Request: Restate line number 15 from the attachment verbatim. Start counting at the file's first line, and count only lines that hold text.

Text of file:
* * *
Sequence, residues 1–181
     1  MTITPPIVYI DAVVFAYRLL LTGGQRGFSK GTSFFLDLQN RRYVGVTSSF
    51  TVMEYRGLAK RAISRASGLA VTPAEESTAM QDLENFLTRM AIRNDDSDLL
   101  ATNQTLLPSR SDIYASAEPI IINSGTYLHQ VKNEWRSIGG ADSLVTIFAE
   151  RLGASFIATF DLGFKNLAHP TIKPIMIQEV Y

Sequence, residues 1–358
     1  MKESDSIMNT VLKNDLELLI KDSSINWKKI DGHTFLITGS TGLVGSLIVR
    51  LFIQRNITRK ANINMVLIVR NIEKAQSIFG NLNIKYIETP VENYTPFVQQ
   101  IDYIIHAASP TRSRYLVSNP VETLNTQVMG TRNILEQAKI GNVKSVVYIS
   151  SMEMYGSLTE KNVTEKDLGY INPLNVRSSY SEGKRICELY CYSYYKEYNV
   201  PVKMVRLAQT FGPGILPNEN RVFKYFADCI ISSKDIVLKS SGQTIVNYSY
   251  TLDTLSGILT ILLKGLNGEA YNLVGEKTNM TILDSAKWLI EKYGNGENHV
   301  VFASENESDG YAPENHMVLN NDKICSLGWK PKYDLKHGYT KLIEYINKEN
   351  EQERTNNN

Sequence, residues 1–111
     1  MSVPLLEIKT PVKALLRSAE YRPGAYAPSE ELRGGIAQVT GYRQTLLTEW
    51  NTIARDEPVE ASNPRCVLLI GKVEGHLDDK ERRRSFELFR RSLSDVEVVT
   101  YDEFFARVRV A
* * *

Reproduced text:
Sequence, residues 1–111